Biographical Sketches - 321

only by thirty votes, which shows the esteem in which he is held among the men whom he has lived so long. He has served as commissioner of Vermillion County several years with honor to himself and to the satisfaction of his constituents.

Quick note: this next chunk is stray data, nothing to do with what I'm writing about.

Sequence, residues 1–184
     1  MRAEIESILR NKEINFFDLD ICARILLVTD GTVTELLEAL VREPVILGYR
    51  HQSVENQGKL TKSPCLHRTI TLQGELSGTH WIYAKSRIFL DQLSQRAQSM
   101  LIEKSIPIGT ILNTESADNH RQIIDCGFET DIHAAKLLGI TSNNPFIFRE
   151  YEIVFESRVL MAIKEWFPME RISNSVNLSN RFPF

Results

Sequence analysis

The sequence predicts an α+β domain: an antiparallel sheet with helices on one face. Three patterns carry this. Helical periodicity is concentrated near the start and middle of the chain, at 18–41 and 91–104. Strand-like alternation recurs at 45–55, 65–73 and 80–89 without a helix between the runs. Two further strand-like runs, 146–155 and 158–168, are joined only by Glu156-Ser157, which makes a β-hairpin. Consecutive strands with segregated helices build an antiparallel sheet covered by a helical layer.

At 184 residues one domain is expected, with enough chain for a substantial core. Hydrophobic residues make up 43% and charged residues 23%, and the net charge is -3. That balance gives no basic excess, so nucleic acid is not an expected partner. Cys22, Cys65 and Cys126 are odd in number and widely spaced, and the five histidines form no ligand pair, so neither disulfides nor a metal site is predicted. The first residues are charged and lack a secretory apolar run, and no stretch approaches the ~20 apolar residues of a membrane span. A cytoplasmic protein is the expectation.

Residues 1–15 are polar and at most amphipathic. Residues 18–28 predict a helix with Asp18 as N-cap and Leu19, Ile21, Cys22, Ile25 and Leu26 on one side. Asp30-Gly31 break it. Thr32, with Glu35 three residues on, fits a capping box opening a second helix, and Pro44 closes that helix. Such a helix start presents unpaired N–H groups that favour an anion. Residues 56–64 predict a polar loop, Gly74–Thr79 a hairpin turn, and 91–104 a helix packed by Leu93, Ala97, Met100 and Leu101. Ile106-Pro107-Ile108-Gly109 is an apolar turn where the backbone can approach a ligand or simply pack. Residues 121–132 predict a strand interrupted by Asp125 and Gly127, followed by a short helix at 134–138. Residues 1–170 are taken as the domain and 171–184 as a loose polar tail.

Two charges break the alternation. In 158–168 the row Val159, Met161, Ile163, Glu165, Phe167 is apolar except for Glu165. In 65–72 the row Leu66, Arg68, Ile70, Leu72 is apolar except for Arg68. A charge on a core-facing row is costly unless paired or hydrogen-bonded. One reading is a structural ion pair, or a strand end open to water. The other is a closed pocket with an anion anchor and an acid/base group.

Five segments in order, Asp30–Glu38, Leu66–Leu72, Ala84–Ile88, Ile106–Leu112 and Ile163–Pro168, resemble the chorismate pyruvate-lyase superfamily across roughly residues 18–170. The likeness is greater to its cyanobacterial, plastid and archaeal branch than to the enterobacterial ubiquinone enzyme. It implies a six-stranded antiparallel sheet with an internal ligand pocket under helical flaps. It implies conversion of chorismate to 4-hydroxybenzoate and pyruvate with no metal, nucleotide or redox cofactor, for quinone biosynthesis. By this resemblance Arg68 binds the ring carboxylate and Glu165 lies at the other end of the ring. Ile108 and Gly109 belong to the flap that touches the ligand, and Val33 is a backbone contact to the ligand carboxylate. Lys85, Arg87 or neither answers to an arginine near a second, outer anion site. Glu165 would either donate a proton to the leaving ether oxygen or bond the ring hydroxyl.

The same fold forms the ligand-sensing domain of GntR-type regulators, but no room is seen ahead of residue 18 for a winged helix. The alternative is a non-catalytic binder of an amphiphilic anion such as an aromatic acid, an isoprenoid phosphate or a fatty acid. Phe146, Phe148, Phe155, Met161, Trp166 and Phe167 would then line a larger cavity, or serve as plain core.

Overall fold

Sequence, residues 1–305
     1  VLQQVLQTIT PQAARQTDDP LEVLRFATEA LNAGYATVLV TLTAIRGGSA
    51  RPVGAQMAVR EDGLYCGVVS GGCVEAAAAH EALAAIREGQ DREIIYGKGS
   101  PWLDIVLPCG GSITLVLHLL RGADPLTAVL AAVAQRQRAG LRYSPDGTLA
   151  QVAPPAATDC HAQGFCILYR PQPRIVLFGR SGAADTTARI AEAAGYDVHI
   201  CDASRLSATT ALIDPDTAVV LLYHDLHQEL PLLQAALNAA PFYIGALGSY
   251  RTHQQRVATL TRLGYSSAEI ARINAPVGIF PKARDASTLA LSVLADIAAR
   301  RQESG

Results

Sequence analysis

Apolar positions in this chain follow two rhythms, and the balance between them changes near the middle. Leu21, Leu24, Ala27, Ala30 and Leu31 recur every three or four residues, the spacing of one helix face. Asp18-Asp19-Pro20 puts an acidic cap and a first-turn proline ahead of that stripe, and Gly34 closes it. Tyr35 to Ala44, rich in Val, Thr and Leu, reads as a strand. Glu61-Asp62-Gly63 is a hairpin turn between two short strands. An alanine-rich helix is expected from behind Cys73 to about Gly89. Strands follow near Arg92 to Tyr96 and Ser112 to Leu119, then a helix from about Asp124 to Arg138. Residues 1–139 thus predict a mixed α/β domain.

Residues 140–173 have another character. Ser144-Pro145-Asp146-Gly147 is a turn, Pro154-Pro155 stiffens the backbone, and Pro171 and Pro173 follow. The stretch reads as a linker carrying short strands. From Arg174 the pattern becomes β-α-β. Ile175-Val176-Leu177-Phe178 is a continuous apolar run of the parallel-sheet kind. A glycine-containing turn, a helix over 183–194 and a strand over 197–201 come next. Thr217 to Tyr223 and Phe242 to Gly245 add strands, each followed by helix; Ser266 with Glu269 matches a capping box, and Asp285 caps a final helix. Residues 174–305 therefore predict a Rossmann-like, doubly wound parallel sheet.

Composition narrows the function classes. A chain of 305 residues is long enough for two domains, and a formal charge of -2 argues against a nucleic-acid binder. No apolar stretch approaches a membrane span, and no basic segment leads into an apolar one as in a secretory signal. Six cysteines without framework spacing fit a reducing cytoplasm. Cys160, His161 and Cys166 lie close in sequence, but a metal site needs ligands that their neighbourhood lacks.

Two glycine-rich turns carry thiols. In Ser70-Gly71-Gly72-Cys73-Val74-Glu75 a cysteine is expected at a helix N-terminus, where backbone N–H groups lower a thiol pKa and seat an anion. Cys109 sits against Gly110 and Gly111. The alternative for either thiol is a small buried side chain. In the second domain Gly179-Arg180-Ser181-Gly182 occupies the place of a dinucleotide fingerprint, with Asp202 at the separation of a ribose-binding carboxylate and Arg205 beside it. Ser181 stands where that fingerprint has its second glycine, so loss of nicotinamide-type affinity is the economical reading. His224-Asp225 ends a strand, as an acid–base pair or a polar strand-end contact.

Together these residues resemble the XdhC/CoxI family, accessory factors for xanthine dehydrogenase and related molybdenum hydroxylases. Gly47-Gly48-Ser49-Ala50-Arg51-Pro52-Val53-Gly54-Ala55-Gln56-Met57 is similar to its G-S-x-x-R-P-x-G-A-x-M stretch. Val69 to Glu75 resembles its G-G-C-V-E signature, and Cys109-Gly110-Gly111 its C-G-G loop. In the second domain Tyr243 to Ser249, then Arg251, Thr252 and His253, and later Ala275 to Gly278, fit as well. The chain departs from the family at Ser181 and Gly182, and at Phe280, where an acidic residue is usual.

THOMAS CUSHMAN, deputy treasurer of Vermillion County, is one of the veteran officials of the county. He is a pioneer of the county, locating in Perrysville in January, 1836, where he resided until 1872, when he was elected auditor of the county, and moved to Newport, where he has since lived. He was born in Onondaga County, New York, October 15, 1814. His father, Seth Cushman, was born in the State of New York and was a direct descendant of Robert Cushman who came to America in the Mayflower in 1620. He was reared in his native State and there married Nancy Runyan, a native of the same State, of English descent, her parents belonging to a prominent family in New England who later settled in New York. In the spring of 1818 Seth Cushman moved with his family to Sullivan County, Indiana. Immigrating West seventy years ago was a slow and tedious undertaking. Several families accompanied Mr. Cushman, the party going by ox team to Olean, New York, when they constructed a flat-boat and floated down the Alleghany and Ohio rivers to Evansville. Here they separated, each family going its own way. Mr. Cushman, bought a team at Evansville and went north to Princeton, where he spent the winter. The following spring he went to Sullivan County, and pre-empted forty acres of land which he began to improve. His family at that time consisted of eight children, their ages ranging from two to twenty years. Mr. Cushman did not live long to see his pioneer home develop and the country around it become improved. From the effect of exposure and the malarial character of the country he contracted disease which resulted in his death in the spring of 1821. He was reared a Quaker, and possessed that high moral and religious nature, characteristic of that sect. Honest and upright in all his dealings, he and his wife were worthy representatives of that brave pioneer element that is fast passing away. After the death of the father the family remained together and the boys continued the improvement of the farm and also added to it. In 1829, when fifteen years of age, Thomas went to Vincennes and obtained employment in the store of Tomlinson & Ross, where he remained five years. He then went to Perrysville, and engaged in general merchandising with George Bishop and R. D. Moffatt. In 1841 Mr. Bishop withdrew and the firm of Moffatt & Cushman continued until Mr. Cushman's removal to Newport in 1872. Mr. Cushman was married in Perrysville, in 1847, to Susan E. Firth, a native of Kentucky, where her parents died when she was a child and she and a sister afterward had a home with Elijah Roseberry and with him came to Vermillion County in 1844. Mrs. Cushman died in March, 1859, leaving five children, only one of whom is living -- William J., now of Danville, Illinois. In 1862 Mr. Cushman married Mary A. Baxter, widow of Dr. John S. Baxter. She died in July, 1883, leaviing a daughter, Carrie Glanton, now the wife of William L. Galloway, of Wichita, Kansas. Mr. Cushman began life poor and whatever success he has gained has been due to his own efforts. In early life he was a Whig, but since its organization has been allied to the Republican party. His first presidential vote was cast for General Harrison in 1840. There never